Monday, January 19, 2009

Visit to Douala by the sea





Over the weekend I went to stay with Victor Nto Nto and his wife Ndome Julette Ebongue in the port city of Douala. It was a long journey, with Vatican Express, a curiously misnamed company in more than one way. The route is through beautiful country, the road being fine in some places and very poor in others.

Victor and Julette live in very modest circumstances, but they shared with me what little they have. It was a privilege to share their lives, albeit briefly. They have very few possessions, no computer, no car, no hot water for washing themselves and no luxuries except a black-and-white television. Victor earns the tiny salary of a schoolteacher, and Julette is unemployed, in a society where there is no social security system. Ah, the next time I hear teachers in Wales complain about anything, I’ll get very cross. I made a brief visit to the school where Victor teaches. The classrooms have no windows and a bare uneven clay floor. The pupils sit on long wooden benches. The only audio-visual method is chalk and talk.


I was able to hear some fine live music in Douala. I’m collecting languages like mad, and at one cabaret the songs were sung in Douala and Erewondo.

Worrying that I might fall prey to sundry ne’er-do-wells, Victor put me in the care of a soldier riding shotgun on the return journey, in the way that you might put a small child in the care of a guard on a train. This soldier took his duties very seriously shadowing me and enquiring how I was from time to time. He felt his country’s reputation was at stake. This big man even bought me a beer. On this very long weary 7½ hour trip from Duala to Bamenda, at a refuelling stop, I ate grilled goat’s meat, served in a piece of old newspaper. Very tasty, until I went round to the back of the stall, where the goat’s head and feet were laid. The head seemed to reproach me.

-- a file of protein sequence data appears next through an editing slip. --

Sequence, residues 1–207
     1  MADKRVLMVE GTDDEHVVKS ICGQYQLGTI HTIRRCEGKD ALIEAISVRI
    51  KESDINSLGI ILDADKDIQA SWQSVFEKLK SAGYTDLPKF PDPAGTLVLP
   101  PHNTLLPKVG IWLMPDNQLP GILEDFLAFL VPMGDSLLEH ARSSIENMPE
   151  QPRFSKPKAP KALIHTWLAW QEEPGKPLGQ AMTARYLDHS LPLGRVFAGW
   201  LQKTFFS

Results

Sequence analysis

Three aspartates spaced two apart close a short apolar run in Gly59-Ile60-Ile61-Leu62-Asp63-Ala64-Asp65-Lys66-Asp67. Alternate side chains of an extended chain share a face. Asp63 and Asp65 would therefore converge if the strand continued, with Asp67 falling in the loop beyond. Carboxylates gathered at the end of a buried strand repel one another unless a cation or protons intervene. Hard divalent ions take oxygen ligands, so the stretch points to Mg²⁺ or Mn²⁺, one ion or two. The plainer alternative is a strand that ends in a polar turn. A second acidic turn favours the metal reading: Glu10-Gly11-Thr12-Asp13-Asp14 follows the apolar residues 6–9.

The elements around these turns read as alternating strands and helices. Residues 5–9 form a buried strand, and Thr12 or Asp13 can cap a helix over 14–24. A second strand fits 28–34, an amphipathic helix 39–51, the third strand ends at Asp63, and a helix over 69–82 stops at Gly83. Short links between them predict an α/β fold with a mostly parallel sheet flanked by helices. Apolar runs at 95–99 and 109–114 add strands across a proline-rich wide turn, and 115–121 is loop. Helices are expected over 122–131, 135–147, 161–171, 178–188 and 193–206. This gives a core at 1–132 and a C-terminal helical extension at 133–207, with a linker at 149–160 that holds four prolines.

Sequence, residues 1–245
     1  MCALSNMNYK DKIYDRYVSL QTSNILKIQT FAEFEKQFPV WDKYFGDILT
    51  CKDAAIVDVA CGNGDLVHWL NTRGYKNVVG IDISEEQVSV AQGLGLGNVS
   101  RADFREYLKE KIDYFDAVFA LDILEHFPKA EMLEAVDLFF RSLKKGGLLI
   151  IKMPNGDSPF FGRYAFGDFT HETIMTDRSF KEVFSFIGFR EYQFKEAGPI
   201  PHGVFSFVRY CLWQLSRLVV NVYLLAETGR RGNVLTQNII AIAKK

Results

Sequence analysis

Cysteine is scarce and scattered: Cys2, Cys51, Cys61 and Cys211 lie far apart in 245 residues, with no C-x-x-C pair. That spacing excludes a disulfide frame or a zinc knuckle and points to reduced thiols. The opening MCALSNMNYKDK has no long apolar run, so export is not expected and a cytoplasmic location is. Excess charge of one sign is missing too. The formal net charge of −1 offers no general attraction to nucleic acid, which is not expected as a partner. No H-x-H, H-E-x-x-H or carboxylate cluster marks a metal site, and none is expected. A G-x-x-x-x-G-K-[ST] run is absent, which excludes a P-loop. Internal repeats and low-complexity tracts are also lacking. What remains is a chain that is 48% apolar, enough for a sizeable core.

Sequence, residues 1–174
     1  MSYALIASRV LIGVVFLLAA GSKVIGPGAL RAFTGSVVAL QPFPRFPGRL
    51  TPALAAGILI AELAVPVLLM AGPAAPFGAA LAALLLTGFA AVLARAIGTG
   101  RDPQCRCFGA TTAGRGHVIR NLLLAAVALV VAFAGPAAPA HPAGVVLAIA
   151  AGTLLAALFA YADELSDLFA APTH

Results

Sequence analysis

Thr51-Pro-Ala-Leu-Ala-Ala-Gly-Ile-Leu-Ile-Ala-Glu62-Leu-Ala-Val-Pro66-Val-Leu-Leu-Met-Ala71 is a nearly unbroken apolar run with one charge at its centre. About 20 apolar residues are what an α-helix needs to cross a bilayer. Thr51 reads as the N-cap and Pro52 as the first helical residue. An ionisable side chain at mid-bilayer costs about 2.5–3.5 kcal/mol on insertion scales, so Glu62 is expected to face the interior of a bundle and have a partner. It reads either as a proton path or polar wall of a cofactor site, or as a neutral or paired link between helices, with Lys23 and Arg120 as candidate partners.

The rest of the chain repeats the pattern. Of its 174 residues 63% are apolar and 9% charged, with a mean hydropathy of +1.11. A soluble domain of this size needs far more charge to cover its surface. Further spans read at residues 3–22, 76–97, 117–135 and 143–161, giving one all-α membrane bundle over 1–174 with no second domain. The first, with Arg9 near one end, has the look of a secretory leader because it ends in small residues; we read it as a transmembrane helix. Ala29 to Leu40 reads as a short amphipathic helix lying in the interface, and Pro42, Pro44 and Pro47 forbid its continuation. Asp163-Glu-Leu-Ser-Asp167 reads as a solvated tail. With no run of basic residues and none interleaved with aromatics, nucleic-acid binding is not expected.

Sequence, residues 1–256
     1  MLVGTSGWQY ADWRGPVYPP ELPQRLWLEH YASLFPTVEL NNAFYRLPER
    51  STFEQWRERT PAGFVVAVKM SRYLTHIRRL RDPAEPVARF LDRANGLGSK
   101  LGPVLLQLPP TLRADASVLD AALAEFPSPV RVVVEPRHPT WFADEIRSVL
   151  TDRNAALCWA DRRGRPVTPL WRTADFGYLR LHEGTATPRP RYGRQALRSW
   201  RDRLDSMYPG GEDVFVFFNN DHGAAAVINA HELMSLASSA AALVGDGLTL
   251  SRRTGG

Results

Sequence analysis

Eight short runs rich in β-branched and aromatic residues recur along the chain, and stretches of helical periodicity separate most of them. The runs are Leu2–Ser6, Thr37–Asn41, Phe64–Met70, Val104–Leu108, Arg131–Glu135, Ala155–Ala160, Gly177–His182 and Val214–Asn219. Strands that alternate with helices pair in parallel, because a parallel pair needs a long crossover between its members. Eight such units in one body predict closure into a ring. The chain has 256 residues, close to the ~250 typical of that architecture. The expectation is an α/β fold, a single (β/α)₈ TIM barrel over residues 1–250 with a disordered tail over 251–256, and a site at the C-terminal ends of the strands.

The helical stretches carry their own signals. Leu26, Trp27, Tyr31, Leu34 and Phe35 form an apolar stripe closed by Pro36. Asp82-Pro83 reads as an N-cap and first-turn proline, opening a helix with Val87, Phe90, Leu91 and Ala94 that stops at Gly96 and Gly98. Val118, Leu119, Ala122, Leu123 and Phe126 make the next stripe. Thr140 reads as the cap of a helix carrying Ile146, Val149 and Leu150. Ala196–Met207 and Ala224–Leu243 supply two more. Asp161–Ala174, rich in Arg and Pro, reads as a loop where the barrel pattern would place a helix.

Today I went to meet the mayor of the nearby town of Santa. That reminds me of some other strange place names. On the road between Yaoundé and Bamenda is a village called Tonga. There’s also a place called Bali. And don’t mention Menchum.

The pictures here (from the top) are of:
1. My bodyguard on the bus. You wouldn't argue with him!

2. Victor's sister washing clothes in cold water in their courtyard. Her smile says it all.

3. View of Victor's school and a classroom

4. Lizard in Douala

5. Boatmen ferrying dredged sand on the river at Douala

7 comments:

lucy said...

fter meeting the goat any thoughts of becoming a vegetarian?!!!

Elinor Chapman said...

Tehehe.... gosh it almost makes me want to revert to my vege ways.
Sounds soooo exciting Dad! Miss you, eli x

Brian Barker said...

Hi Bill

By the look of your body-guard the shot gun seemed essential!

Heather/Eriketo said...

Saluton Bill! Interesegaj rakontoj!. Ĉion bonan en via daŭriganta aventuro en Kameruno.

Really interesting! Best wishes for your ongoing Cameroonian adventures...

sec said...

Fabulous picture of the lizard (?). I hope you didn't eat that too.

Bill Chapman said...

Dankon pro la kuraĝigaj vortoj, Heather! Mi revenis hemen iom laca post vizito vere tro mallonga al Dualo. La aŭtobuso forlasis la stacion je 11.30, kvankam mi devis esti tie jam je la oka por planita forveturo je 09.00. Dum la longa (7½-hora) vojaĝo, eksplodis brue unu pneŭmatiko! Plue mi sentis ĉiun trueton en la ŝoseoj.
Efektive, mi sentas nun ke du tagoj de vojaĝado por unu plena tago de aktiveco estas iom tro por mi. La busaj seĝoj estis negrandaj, kaj mankis spaco por miaj grandaj ostoj. Nun miaj genuoj doloras SED mi tute ne bedaŭras la aventuron. Kaj mi intencas refari tion post du semajnoj.
Ekkoni Victor persone estis tre granda plezuro por mi. Ankaŭ estis bone renkonti lian edzinon (laŭ loka tradicio kaj la "komuna leĝo", sed ne jam laŭ ŝtata dokumento). Mi loĝis en ilia tre modesta eĉ fizike mizera loĝloko, manĝante kun ili afrikan manĝaĵon. Ili vere gastigis min plenkore. Mi preskaŭ ploris pro ilia mizera, malfacila stato, sed ili estas pozitivaj, ridemaj homoj. Mi havis la honoron viziti la familiajn (gepatrajn) hejmojn de ambaŭ, ricevante ian komprenon pri la ĉiutaga vivo de kamerunanoj.
Entute mi rekontis la sekvajn esperantistojn: Ndome Julette EBONGUE (edzino de Victor, Victor NTO NTO, Jean BALASA, Chamberline NGUEFACK ZEDONG, kaj la Del de UEA Jean-Marie MBOGE MBELE.

Elinor Chapman said...

A colleague at worked had just commented on the goat meat thing. "At least he knows it was fresh".,...which is True!!! Eli xx